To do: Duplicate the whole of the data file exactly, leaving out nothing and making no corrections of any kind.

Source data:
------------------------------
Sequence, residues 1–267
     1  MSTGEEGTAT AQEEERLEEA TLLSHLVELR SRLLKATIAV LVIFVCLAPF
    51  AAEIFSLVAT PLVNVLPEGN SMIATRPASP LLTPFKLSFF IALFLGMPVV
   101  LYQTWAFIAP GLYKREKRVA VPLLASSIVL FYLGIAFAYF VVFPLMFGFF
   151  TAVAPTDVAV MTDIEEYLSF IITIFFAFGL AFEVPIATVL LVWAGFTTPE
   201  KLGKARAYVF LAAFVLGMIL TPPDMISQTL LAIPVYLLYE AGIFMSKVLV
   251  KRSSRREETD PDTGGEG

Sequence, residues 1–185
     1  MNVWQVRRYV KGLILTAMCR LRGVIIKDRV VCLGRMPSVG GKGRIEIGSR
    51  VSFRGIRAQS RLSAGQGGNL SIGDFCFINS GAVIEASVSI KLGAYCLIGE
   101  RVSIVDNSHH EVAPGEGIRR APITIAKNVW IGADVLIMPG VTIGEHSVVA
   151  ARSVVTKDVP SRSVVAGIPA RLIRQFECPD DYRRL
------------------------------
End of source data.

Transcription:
Sequence, residues 1–267
     1  MSTGEEGTAT AQEEERLEEA TLLSHLVELR SRLLKATIAV LVIFVCLAPF
    51  AAEIFSLVAT PLVNVLPEGN SMIATRPASP LLTPFKLSFF IALFLGMPVV
   101  LYQTWAFIAP GLYKREKRVA VPLLASSIVL FYLGIAFAYF VVFPLMFGFF
   151  TAVAPTDVAV MTDIEEYLSF IITIFFAFGL AFEVPIATVL LVWAGFTTPE
   201  KLGKARAYVF LAAFVLGMIL TPPDMISQTL LAIPVYLLYE AGIFMSKVLV
   251  KRSSRREETD PDTGGEG

Sequence, residues 1–185
     1  MNVWQVRRYV KGLILTAMCR LRGVIIKDRV VCLGRMPSVG GKGRIEIGSR
    51  VSFRGIRAQS RLSAGQGGNL SIGDFCFINS GAVIEASVSI KLGAYCLIGE
   101  RVSIVDNSHH EVAPGEGIRR APITIAKNVW IGADVLIMPG VTIGEHSVVA
   151  ARSVVTKDVP SRSVVAGIPA RLIRQFECPD DYRRL